Michelin will allow top French chef to withdraw from the 2018 guide

The Staff Canteen

The Michelin Guide says it will allow top French chef Sebastien Bras to bow out of its listings. It is the first time it has ever allowed a restaurant to withdraw from its pages. 

He asked in September last year for the removal of his three Michelin stars due to the immense pressure of retaining the highly sort after accolade year after year.

Sebastien Bras and his father, Michel Bras
Sebastien Bras and his father, Michel Bras

Sebastien Bras, whose Le Suquet restaurant in the rural Aveyron region has held the maximum three-star rating for 18 years, told French news agency, AFP, in September that he could no longer put himself through the ordeal of knowing that one below-par dish could cost him his reputation.

"It is difficult for us to have a restaurant in the guide which does not wish to be in it," Claire Dorland Clauzel of Michelin told AFP.

"It is the first time we have had a public withdrawal of this sort," she added, saying other restaurants had dropped out when chefs retired or the concept had changed.

Le Suquet, at Laguiole in south central France, will not feature in the guide's 2018 edition, which will be published on Monday, Dorland Clauzel confirmed.

Why does the talented chef wish to be exempt from the 2018 edition of the Michelin Guide?

AFP reported that the talented chef wished to be exempt from the 2018 edition of the Michelin Guide so the 46-year-old could “start a new chapter” in his career.

Speaking to AFP the chef said: “You’re inspected two or three times a year, you never know when. Every meal that goes out could be inspected. That means that, every day, one of the 500 meals that leaves the kitchen could be judged.”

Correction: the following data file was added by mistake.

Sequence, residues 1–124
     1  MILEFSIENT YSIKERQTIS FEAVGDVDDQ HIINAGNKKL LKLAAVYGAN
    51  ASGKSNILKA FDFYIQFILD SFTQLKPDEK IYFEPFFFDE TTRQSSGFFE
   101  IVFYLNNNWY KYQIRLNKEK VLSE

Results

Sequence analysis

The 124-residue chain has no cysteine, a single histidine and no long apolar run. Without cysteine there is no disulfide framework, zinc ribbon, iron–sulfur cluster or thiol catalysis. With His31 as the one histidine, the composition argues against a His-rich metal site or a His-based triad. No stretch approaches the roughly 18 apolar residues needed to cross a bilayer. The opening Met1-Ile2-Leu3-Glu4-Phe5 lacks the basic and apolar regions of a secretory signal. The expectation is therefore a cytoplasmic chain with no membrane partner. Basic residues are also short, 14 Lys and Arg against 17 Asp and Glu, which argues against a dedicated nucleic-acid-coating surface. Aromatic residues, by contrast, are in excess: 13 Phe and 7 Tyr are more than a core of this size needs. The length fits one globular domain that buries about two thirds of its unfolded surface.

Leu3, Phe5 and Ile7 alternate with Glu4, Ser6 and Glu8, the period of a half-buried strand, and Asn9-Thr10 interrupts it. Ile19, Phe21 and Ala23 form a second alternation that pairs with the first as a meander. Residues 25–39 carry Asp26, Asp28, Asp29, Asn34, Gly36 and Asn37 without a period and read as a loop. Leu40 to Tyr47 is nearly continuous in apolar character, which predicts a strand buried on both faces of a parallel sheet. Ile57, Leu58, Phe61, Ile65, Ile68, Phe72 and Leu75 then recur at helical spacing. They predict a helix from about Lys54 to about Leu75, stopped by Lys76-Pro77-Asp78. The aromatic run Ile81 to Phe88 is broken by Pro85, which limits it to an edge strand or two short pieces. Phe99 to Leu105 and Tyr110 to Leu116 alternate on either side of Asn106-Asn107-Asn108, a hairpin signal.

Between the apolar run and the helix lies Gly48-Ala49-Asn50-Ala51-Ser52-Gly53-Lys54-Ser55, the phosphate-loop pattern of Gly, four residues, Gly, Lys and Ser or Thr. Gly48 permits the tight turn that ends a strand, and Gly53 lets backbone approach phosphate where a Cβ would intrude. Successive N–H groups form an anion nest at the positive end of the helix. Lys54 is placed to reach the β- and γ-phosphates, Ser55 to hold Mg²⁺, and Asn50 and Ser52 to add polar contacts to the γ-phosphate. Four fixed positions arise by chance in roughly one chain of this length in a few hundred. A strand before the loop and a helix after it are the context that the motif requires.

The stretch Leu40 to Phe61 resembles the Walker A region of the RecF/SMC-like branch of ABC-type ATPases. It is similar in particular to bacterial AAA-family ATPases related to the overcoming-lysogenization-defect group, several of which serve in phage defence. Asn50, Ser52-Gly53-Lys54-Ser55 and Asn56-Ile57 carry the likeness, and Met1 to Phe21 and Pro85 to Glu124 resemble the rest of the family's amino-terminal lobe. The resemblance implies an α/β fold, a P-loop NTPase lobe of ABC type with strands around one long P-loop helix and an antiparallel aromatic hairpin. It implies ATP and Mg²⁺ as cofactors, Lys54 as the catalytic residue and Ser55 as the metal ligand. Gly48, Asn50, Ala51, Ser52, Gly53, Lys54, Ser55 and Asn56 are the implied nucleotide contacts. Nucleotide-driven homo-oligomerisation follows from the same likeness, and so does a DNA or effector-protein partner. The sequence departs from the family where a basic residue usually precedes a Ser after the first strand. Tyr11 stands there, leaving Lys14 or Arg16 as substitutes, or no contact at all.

Although the chef understands this might make him “less famous” he continued to say at least he’ll be able to continue to “dazzle” his diners with his dishes without fear of losing a coveted Michelin star.

Sebastien also admitted that he often thought of fellow French chef Bernard Loiseau, who committed suicide in 2003 amid rumours that he would lose his third Michelin star.

However, Sebastien was quick to explain that he’s not in the same “frame of mind” as Bernard.

Speaking of his decision to be removed from the guide, Claire Dorland Clauzel, a member of the executive committee said: "We note and we respect it", but further explained that the request would not be automatic and would first need to be considered.

Although Sebastien is only one of 27 chefs in France to hold the top ranking in the Michelin Guide, he isn’t the first chef to walk away from the competitive world of fine dining. Paris restaurateur and Nouvelle Cuisine pioneer, Alain Senderens shocked the world in 2005 by giving back his stars claiming that diners were turned off by excessive luxury.

Three years later Olivier Roellinger closed his luxury eatery in the Breton fishing village of Cancale - which held also held three stars in the guide- in favour of living a quieter life.

In 1999 British chef and TV personality, Marco Pierre White tried handing back his three stars as he felt he was being judged by people with less knowledge than himself. At the time he was the youngest chef in the world to obtain three stars from the Michelin Guide at 33 years of age.

Users on our Facebook page shared their thoughts on learning the chef wished to be segregated from the guide. 

While others conveyed their distress at chefs continuously bending over backwards to obtain the top ranking.

Lukey Dukey said: "All Michelin star means to me is more work, and at the end of the day it's only a tyre companies guide I can't see why so many go crazy insane trying to get or keep the stars."

Jane Murphy expressed a similar concern comparing stars to that of oscars, "Imagine if Oscars were taken back if an actor's subsequent performances, for whatever reason, didn't achieve the same accolades, as previous performances. Perhaps the Michelin/ Hat awards system needs to be reappraised, in terms of the mental health issues of brilliant people who can so easily be devalued, on a whim."

By Michael Parker


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The Staff Canteen

The Staff Canteen

Editor 30th January 2018

Michelin will allow top French chef to withdraw from the 2018 guide